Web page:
Job Interviewing: Best Practices

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The process of finding a new job can be stressful, arduous, and frustrating. Preparing for an interview takes more effort than just brushing up on your resume. It’s also important to make a good first impression, dress sharp, and know the company.

Here are a few best practices for preparing and having a job interview:

Dress Professional, but Accordingly

Study the company before deciding on an interview outfit. Does the company have an extremely professional vibe? Stick with a classic outfit – such as a suit and a button up top. Is the company a creative startup? Consider throwing in a colored blazer or a fun necklace. Look at what the employees wear on the “team” page, and tailor the outfit to that.

It is also important to remember to make sure your outfit fits well, is ironed, and has no stains, tears, etc. Examine the outfit before putting it on to make sure it is in top shape. Clean up facial hair, and remember not to wear too much perfume or cologne.

Bring References and a Copy of Your Resume

Even if they don’t ask for it, bring a printed copy of your references. Each reference should include a name, phone number, email, company, and the reference’s job title. Always remember to bring one copy of your resume for you to look over, and one for whomever is interviewing you. They may have a copy, but it is always good to come prepared.

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Study the Company

Some interviewers will quiz you on your knowledge about the company, while others don’t. Either way, it’s good to come prepared. If they ask the questions, you’re ready, and if not, throwing some of that knowledge out there looks impressive. Make sure to always know with whom you are speaking, what they do, the names of the top executives at the company, and what the business actually does.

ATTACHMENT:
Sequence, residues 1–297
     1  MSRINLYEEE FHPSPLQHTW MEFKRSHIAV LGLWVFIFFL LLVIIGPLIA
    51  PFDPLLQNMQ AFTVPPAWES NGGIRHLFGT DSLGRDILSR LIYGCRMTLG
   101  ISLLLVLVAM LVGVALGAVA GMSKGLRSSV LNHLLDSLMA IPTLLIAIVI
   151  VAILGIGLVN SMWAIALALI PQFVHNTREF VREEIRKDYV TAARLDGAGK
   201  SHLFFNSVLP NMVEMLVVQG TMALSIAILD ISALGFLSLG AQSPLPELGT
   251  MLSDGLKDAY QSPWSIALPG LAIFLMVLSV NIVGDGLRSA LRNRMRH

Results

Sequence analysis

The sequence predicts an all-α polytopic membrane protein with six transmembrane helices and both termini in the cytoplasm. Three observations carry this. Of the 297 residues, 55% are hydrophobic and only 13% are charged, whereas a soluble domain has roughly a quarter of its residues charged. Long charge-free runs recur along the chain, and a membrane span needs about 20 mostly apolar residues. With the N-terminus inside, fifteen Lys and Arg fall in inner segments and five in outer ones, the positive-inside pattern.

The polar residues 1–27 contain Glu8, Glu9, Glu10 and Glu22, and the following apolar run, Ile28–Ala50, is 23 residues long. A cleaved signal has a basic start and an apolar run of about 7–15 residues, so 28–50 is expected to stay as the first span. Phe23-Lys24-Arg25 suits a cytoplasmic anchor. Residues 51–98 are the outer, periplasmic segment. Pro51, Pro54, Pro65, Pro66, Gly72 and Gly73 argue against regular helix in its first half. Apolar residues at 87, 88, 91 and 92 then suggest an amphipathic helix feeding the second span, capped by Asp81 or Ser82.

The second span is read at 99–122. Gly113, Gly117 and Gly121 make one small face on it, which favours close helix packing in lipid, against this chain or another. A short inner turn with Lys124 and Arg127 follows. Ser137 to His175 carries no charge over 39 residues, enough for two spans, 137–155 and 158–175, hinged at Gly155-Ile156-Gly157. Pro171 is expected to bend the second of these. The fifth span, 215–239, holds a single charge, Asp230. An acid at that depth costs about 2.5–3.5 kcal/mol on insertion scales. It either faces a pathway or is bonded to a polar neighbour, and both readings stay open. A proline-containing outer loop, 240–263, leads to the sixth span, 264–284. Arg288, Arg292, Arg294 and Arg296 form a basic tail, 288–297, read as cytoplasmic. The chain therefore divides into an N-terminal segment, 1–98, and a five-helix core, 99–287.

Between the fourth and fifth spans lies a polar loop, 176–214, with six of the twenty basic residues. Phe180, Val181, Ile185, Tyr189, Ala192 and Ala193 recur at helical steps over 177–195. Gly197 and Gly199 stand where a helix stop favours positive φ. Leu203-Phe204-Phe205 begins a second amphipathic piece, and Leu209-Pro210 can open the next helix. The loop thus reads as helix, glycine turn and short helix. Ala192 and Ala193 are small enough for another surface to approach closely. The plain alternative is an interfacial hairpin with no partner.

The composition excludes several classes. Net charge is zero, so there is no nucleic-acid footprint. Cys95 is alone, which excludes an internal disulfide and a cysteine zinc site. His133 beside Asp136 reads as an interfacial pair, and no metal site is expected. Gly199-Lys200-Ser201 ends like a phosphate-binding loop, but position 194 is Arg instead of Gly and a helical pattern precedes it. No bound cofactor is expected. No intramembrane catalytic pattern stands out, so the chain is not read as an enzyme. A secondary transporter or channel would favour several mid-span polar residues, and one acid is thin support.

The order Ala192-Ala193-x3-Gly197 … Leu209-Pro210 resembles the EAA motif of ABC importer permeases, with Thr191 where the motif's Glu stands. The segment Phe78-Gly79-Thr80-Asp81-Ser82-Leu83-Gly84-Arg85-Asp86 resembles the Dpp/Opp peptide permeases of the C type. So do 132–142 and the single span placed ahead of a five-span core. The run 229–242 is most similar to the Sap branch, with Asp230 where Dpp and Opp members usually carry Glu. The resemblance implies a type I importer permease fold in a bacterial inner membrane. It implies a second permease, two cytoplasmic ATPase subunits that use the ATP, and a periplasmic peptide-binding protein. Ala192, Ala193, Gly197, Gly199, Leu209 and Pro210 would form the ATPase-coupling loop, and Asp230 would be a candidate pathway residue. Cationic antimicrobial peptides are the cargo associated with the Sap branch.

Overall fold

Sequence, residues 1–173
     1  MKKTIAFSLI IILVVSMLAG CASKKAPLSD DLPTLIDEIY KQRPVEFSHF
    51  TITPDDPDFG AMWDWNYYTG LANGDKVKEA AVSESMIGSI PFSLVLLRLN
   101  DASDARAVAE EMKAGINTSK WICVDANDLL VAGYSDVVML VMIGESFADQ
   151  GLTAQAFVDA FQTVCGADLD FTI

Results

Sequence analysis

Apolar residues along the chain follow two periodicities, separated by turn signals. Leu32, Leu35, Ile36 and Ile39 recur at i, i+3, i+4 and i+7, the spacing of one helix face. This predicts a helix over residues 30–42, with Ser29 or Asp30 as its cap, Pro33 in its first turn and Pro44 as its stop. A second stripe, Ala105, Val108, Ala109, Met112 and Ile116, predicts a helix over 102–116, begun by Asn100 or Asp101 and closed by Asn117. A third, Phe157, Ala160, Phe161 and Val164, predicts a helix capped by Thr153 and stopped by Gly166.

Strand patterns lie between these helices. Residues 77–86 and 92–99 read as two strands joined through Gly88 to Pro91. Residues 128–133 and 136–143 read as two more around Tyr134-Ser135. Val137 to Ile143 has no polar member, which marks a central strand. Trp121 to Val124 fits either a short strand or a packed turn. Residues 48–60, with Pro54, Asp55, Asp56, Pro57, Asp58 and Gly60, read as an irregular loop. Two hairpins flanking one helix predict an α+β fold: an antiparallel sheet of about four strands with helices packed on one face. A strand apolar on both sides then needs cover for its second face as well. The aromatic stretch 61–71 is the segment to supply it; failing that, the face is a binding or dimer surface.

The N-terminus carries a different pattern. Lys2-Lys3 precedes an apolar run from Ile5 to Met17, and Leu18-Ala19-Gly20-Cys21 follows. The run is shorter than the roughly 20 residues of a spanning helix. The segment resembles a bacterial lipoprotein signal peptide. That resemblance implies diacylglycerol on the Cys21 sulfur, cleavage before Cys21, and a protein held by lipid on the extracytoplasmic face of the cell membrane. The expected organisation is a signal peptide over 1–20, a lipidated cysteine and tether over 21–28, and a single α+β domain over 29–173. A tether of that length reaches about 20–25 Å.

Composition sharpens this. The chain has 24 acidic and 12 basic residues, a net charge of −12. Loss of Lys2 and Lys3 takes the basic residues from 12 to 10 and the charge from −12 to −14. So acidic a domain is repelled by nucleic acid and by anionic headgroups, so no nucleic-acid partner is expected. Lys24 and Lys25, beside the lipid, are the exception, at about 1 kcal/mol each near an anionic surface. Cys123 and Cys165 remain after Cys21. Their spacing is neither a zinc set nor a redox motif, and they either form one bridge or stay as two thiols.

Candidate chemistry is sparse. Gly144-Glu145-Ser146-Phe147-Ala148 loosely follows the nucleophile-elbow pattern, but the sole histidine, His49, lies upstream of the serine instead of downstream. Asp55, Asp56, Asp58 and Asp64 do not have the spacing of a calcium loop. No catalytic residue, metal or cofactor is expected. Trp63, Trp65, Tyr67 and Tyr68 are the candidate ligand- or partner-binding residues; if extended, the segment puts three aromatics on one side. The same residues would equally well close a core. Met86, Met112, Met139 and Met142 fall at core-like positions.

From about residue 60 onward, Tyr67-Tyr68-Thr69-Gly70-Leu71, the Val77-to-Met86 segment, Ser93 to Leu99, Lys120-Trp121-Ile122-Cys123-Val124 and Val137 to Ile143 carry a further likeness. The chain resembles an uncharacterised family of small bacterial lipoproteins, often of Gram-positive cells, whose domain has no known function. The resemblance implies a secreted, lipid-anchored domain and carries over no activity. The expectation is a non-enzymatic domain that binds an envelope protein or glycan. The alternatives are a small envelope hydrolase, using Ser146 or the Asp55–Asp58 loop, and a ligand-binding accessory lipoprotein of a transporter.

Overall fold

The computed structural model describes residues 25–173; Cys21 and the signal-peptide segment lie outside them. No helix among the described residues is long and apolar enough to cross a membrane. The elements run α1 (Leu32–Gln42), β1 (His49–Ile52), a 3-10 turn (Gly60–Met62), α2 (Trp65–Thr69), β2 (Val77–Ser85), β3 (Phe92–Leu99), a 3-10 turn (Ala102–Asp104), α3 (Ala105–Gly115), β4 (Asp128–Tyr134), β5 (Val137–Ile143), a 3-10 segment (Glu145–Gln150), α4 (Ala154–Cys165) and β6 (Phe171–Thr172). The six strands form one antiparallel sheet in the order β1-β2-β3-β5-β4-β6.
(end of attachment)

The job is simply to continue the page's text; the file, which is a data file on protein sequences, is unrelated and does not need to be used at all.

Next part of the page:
Go to Bed Early and Arrive Early

It’s not very professional to be yawning during an interview. Getting enough sleep will make you feel better and cause you to be more alert for the interview. Also, always remember to show up early! Give yourself extra time depending on how far away it is. If it’s normally a 15-minute drive, give yourself 10-15 extra minutes for unexpected delays; if it’s a longer commute, an extra 20-30 minutes is good. You never know if the building will be hard to find or there will be an accident slowing down traffic.

Be Confident

Even if you are incredibly nervous – act confident. The interviewer is there to talk about you, so it is okay to brag in a humble way. Give a firm handshake, make eye contact, and smile.

Ask Questions

Come with questions prepared. If you forget to do so, try to ask at least a few questions. Ending an interview with no questions is always a bad sign to the interviewer. Ask clarifying questions about the role, what the company does, and company culture. Remember, you are also interviewing this company to see if you want to work for them!

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